Instructor Micky Midha

Updated On - Revision of VaR (From Part 1)
- Arithmetic Return and Geometric Return
- Estimate VaR using a historical simulation approach
- Estimate VaR using a parametric approach for both normal and lognormal return distributions.
- Estimate the expected shortfall given P/L or return data.
- Define coherent risk measures.
- Estimate risk measures by estimating quantiles.
- Evaluate estimators of risk measures by estimating their standard errors.
- Interpret QQ plots to identify the characteristics of a distribution.

- Video Lecture
- |
- PDFs
- |
- List of chapters

- VaR Revisited
- Arithmetic and Geometric Returns
- Calculation of VaR using Historical Simulation
- Estimating Parametric VaR
- Estimating Parametric VaR – Lognormal vaR
- Estimating Expected Shortfall
- Coherent Risk Measures
- Estimating Standard Errors for Coherent Risk Estimators
- Standard Errors of Quantile Estimators
- QQ Plot Graphs

- VaR is defined as the maximum dollar (or percentage) amount expected to be lost over a given time horizon, at a pre-defined confidence level. For example, if the 95% one-month VAR is $1 million, there is 95% confidence that over the next month the portfolio will not lose more than $1 million.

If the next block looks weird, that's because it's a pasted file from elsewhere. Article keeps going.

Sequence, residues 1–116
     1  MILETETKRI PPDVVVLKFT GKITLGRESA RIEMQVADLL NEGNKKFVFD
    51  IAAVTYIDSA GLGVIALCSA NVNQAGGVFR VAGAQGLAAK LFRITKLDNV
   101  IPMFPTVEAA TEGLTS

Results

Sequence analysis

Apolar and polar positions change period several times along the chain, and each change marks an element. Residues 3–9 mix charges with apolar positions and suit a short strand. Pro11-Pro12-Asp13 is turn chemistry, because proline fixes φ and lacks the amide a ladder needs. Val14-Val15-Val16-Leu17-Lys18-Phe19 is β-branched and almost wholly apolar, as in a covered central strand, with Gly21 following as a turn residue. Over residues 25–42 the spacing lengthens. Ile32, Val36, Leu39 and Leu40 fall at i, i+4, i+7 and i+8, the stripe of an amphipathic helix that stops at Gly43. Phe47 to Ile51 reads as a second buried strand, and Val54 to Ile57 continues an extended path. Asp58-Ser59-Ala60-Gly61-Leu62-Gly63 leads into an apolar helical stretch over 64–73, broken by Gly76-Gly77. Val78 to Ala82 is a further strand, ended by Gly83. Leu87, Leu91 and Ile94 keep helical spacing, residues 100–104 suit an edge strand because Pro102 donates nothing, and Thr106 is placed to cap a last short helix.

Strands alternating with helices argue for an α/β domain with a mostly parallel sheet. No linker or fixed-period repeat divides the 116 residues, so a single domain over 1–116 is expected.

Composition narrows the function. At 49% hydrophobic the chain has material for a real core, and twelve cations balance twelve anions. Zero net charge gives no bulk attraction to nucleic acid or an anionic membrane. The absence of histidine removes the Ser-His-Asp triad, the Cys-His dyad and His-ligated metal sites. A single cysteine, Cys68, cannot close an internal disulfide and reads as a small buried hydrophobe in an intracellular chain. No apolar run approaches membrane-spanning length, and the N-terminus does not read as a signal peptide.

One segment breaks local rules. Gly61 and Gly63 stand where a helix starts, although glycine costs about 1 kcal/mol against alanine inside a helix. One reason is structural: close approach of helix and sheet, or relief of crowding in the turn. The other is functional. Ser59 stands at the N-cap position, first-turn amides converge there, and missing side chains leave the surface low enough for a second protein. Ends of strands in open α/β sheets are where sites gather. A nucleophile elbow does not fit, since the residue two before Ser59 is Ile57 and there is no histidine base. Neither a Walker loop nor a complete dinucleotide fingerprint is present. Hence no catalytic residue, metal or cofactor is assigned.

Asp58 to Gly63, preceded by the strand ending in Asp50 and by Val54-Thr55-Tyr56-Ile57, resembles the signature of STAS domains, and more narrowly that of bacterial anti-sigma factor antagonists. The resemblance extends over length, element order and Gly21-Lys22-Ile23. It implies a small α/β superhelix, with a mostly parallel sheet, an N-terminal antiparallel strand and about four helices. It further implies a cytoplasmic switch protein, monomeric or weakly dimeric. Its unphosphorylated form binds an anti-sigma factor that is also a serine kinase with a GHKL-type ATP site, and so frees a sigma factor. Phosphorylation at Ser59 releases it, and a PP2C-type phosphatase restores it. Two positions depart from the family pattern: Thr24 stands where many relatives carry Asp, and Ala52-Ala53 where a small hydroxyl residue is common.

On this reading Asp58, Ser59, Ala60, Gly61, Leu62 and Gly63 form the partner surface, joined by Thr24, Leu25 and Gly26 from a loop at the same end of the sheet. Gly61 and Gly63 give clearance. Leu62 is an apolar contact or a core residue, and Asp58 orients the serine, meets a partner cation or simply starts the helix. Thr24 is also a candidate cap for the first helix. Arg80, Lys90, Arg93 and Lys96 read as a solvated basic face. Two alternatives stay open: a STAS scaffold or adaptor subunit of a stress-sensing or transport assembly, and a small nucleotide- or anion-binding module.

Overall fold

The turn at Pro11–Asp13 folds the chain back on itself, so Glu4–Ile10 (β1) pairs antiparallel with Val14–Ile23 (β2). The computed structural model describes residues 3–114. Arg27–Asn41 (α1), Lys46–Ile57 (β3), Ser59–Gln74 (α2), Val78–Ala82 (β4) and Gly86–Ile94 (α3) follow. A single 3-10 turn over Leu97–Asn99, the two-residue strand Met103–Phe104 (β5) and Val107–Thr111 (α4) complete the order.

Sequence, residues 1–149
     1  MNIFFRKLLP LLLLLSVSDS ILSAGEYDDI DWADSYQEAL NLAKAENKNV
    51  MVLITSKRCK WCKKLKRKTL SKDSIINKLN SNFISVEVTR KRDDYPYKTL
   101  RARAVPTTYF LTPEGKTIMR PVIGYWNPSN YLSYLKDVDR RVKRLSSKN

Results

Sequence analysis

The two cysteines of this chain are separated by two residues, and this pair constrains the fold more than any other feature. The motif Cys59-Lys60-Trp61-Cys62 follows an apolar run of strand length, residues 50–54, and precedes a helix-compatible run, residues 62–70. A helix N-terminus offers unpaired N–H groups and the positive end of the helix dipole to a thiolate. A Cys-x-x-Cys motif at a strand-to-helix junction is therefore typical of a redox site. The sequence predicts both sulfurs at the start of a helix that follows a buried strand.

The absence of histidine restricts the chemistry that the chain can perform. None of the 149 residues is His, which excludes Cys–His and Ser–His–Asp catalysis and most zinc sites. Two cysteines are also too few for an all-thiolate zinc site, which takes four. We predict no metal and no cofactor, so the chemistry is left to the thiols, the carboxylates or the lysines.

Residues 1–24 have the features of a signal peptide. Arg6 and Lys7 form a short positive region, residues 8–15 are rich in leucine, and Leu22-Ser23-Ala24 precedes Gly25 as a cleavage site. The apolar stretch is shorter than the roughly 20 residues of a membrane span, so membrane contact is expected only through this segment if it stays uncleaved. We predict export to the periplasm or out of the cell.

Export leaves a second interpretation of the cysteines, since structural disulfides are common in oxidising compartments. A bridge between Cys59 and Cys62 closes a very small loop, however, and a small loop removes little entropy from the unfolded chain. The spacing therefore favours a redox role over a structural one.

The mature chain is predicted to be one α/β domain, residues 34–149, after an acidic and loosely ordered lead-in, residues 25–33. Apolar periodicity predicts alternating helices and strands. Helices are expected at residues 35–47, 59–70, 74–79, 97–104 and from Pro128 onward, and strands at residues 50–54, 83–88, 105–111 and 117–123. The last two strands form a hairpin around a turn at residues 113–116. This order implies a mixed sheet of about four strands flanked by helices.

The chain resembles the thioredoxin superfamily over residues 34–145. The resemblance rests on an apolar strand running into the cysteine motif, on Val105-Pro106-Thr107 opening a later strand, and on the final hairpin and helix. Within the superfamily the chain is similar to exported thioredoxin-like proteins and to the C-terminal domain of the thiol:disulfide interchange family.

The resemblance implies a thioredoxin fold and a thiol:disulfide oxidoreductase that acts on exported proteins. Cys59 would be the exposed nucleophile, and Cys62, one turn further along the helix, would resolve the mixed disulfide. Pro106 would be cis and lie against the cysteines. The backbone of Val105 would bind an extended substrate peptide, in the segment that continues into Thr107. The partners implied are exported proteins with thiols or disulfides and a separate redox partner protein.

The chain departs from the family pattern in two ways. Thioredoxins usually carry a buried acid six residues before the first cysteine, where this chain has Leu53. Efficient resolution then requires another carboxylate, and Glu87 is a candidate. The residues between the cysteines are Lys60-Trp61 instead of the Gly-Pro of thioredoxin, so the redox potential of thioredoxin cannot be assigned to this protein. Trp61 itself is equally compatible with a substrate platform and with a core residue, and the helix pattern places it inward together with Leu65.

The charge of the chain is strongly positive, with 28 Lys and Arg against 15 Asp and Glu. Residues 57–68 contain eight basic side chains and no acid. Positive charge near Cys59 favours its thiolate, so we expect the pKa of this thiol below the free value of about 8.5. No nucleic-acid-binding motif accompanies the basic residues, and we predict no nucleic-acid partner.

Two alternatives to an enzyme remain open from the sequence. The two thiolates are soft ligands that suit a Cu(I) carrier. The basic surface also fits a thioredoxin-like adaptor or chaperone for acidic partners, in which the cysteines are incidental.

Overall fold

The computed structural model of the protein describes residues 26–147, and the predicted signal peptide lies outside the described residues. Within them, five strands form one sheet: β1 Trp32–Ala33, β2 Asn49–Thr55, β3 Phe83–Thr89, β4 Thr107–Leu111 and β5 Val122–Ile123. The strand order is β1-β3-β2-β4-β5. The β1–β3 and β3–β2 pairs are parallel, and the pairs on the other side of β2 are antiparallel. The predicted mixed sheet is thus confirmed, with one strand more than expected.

- ARITHMETIC RETURNS :
- GEOMETRIC RETURNS :

- Method :
- The return observations are sorted in any manner.
- The required
**VaR**corresponding to the confidence level (or significance level) is located. If α is the level of significance, and n is the total number of observations, then the corresponding**VaR**would be the**α×n+1**lowest observation.^{th}

**Normal VaR**

α % VaR* *is given by –

**-μ _{P/ L}+σ_{P/ L}×z_{α}**

**μ _{L/ P}+σ_{L/P}×z_{α}** (if Loss/Profit distribution is normally distributed)

**(-μ _{r}+σ_{r}×z_α )×P_{t-1} **(if Arithmetic Return data is normally distributed)

- If Geometric Return data is normally distributed, then α % VaR” is given by”

- The Expected Shortfall (ES) is the expected loss after the VaR threshold has been breached. It can be calculated as the probability weighted average of tail losses after the corresponding VaR level.